Still Own Your Childhood Toys? They Could Be Worth Big Bucks!
Do you still have your childhood toys packed in a box in the corner of your attic? It’s time to open it up and see if you have nostalgic toys to pass down to new generations or a treasure chest filled with valuable collectibles. That’s right — many toys from your childhood are now worth hundreds or even thousands of dollars.
Which toys are worth the most? It depends on a lot of factors, starting with collector appeal. Start by checking out this list of 30 childhood toys you might still own that could be worth a small fortune.
Happy Meal Toys, $100
You’re not alone if you loved going to McDonald’s when you were a kid just to get a Happy Meal toy. The toys were free with the purchase of the meal, and it was always a special treat and a surprise. Which toy would you get next?
In the 1990s, you most likely asked your parents to buy you a Skip-It. The toy was made famous by a children’s commercial filmed at Ravinia Elementary School in Highland Park, Illinois. The apparatus attached to kids’ ankles for easy swinging and skipping, and it seemed like the coolest invention ever.
Everyone seemed to own a Lite-Brite in the '70s, ‘80s and ‘90s. It was a magical toy with bright lights that allowed you to create colorful designs. Time Magazine listed the Lite-Brite as one of the top 100 toys of all time. Originally released in 1967, it entertained kids for hours.
Moon Shoes, $200
These shoes were questionable in the ‘70s, and they’re still questionable today. First introduced in the '50s, the shoes were supposed to make you feel like you were walking on the Moon. They were popular well into the '90s, although no one is quite sure why.
You were considered one of the "cool kids" if you owned a View-Master. First introduced in 1939, children (and adults) could look through the binocular-like device to view novelty photos, animated images and various other images.
Strawberry Shortcake Dolls, $550
Every little girl wanted to own a Strawberry Shortcake doll. The adorable 6-year-old, red-headed protagonist of The World of Strawberry Shortcake inspired many television shows, films, toys, merchandise and more. First introduced in 1979 by Muriel Fahrion, the character spawned an entire franchise.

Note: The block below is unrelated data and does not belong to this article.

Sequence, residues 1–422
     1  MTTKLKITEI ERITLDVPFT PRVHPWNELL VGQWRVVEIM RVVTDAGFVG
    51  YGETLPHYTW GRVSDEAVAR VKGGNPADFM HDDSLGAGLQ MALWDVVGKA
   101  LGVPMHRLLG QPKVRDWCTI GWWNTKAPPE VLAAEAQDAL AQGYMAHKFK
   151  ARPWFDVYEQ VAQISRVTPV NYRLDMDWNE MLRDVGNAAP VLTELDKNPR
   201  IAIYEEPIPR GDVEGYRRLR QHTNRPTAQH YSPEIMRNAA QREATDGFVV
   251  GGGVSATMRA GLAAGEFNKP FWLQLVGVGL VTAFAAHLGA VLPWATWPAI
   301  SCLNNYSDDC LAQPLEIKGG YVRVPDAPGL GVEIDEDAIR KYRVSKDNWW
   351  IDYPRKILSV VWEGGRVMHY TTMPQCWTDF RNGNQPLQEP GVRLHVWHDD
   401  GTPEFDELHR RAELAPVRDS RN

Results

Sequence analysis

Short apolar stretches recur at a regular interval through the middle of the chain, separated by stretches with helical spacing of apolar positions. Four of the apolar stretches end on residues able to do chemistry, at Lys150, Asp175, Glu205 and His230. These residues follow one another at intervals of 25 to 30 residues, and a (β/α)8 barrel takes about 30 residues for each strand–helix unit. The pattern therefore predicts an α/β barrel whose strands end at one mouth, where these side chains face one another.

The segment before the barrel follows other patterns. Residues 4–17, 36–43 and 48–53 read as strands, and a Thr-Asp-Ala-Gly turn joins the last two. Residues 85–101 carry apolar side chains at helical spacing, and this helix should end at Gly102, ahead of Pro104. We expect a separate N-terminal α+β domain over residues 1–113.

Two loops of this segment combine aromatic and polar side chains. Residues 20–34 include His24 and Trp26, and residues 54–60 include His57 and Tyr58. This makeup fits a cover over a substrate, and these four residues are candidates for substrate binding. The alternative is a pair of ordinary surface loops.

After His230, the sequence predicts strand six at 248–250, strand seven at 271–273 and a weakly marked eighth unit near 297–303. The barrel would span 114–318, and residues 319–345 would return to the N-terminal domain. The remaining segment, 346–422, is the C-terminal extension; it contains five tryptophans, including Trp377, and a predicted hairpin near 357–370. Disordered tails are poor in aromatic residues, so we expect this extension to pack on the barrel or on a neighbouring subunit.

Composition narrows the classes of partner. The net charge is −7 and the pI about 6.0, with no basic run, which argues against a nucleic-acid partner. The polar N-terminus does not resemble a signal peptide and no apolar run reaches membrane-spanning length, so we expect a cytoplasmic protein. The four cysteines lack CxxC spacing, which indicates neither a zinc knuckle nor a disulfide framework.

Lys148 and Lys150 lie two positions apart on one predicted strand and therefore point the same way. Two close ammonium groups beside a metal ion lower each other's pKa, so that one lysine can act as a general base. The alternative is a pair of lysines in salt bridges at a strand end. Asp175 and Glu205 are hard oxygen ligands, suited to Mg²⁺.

Super Soaker, $600
Who didn’t love having water gun fights? It was the best way to spend a hot summer day. While every water gun was cool, the Super Soaker was the one everyone wanted to own. The water gun operated on its own, using pressurized air to shoot a stream of water at any victim in close proximity. Its popularity generated more than $1 billion in sales.
Toy Story Dolls, $700
If you grew up in the ‘90s, you were probably a fan of Toy Story. You grew up watching the Pixar animated film and fell in love with the characters. Woody was your hero, and you wanted to go to infinity and beyond with Buzz Lightyear. Because you were a fan, you probably owned Toy Story dolls.
Nintendo 64 Games, $750
Nintendo 64 games can be worth up to $750, depending on the title. Mario Kart 64 is one of the most in-demand cartridges. However, it must be in mint condition and in an unopened box to command this price. If you never opened yours, you can get a nice return on your investment. (But how in the world did you resist playing it?)
Jurassic Park Toys, $900
In 1993, one of the biggest movie hits of all time, Jurassic Park, set a new standard for Hollywood blockbusters. After the movie, available merchandise included T-shirts, hats, mugs and lots of toys. Dinosaur action figures and human character dolls became "hot" items and are now in demand with collectors.
Everyone wanted to own a Furby in the 1990s. The fuzzy electronic critters (resembling a large hamster or owl) were the absolute "must have" item for ‘90s kids, even if their parents didn’t understand the fascination. Every generation has an odd trend — for the ‘90s, it was Furby.
My Little Pony Toys, $900
In the ‘80s, more than 150 million My Little Pony dolls and toys were sold in the United States. Introduced in 1982, the franchise featured magical, colorful ponies with flowing manes. There was a pony for every kid, and the toys managed to capture the hearts of every child.
Do you remember Pogs? They weren’t the most popular childhood toy on our list, but they were still a fun game for kids in the mid-1990s and could be worth big bucks today. Pogs featured popular television and movie characters as well as professional athletes and other celebrities.
Game Boy, $750-$1,500
Do you remember playing video games on a Game Boy? If you’re a ‘90s kid, you most likely still have a Game Boy somewhere in your house. Created in 1989, the Game Boy was the most popular handheld game console, and every kid begged their parents to buy one.
Power Rangers, $1,400
Who was the best Power Ranger — Yellow or Red? Pink or Blue? Everyone had their favorite Power Ranger, and they wanted to own action figures from the popular television show. About $350 million-worth of Power Rangers toys were sold in 1994, making the toys a part of a pop culture phenomenon.
Skeletor Action Figure, $1,600